Single Crown Postcard
Recordhead & Mr. Whiggs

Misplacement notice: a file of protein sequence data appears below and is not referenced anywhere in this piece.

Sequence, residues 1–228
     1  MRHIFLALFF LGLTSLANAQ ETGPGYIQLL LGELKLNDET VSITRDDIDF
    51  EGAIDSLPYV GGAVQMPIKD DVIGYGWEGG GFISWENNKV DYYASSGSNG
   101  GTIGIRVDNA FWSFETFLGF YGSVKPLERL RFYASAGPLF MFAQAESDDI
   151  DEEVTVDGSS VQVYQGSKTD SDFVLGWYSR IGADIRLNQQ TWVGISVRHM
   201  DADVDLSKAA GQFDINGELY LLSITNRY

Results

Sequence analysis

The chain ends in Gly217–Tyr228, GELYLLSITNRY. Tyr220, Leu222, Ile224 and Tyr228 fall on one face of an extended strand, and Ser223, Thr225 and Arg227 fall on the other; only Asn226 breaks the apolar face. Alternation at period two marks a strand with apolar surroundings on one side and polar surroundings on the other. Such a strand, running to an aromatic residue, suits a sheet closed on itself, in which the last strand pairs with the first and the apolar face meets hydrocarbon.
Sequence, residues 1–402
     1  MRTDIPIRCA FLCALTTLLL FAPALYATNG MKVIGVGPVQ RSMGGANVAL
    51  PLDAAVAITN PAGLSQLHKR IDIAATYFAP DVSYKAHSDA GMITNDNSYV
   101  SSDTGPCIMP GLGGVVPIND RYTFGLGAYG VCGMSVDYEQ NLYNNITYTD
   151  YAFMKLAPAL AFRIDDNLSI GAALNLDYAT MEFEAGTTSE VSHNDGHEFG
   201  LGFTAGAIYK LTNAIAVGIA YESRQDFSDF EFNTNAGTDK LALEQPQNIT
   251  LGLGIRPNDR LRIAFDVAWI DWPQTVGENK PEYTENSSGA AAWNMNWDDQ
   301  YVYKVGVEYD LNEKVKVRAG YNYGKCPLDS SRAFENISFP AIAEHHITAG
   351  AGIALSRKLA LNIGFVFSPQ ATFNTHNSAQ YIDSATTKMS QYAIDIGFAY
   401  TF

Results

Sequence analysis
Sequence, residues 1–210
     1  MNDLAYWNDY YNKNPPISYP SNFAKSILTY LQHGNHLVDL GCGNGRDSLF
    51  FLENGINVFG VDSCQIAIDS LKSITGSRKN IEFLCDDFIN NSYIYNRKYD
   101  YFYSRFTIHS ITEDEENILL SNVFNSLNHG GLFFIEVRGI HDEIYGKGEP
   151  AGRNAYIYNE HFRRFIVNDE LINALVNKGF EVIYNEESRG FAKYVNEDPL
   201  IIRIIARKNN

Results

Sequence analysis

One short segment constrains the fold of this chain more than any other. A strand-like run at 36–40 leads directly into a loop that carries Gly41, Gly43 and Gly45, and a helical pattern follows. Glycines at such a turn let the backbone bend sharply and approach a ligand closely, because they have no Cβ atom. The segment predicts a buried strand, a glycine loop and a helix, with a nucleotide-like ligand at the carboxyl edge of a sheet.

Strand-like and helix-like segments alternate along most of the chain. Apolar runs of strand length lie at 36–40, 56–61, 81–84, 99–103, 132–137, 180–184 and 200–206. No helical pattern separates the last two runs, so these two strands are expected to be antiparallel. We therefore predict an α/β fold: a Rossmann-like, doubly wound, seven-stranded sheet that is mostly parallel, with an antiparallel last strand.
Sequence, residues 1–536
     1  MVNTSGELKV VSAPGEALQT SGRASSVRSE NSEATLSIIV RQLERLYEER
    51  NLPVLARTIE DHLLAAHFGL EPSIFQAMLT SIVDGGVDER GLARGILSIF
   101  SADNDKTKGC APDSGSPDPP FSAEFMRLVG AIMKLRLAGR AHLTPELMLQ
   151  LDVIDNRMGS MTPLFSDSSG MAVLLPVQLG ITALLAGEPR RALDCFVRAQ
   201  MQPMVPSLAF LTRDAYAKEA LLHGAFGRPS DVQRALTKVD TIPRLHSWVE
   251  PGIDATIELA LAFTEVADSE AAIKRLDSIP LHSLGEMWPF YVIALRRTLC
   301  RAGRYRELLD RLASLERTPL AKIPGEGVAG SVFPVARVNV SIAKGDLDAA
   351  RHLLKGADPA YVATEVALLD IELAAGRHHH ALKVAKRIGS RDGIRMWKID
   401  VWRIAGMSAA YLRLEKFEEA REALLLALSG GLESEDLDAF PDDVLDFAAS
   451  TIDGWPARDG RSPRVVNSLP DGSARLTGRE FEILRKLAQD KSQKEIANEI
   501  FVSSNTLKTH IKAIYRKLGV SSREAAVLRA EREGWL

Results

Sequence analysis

Although Brando — in essence, Derek Richey and a loose coalition of associates — have been around for about ten years, they haven’t come of age until the last couple of years, and with this last album, they finally signal their broadened relevance and brilliance. Singing in a voice reminiscent of Pavement’s Stephen Malkmus, Richey is no mere copyist of the ’90s indie lo-fi heroes, carving out his own position in that particular landscape, filled with lush melodies and floating sentiments. The rich lyrical imagery tells quirky, captivating tales that pulls the listener in while still rendering interpretation seemingly impossible as well as superfluous. The absolutely lovely, quietly drifting melody of “Judy Garland” sounds a bit like fellow freak-popsters I Am Kloot, while “Carbon Copies” is a fantastic, shimmering piece of subdued hooks. In a way, the album is completely self-effacing — as with “Paul Revere,” say, where even the grand epic is delivered in-between held-back breaths of instrumental outbursts — yet it is strangely and explicitly absorbing once you get past the mere modesty of the enterprise. It does require a couple of listens before it finally gets to you but, with the exception of one song — the stop/start white soul-pastiche that is “By And By” — the album proves to be a stunning collection of songs from a band that’s finally found its unique and particular voice.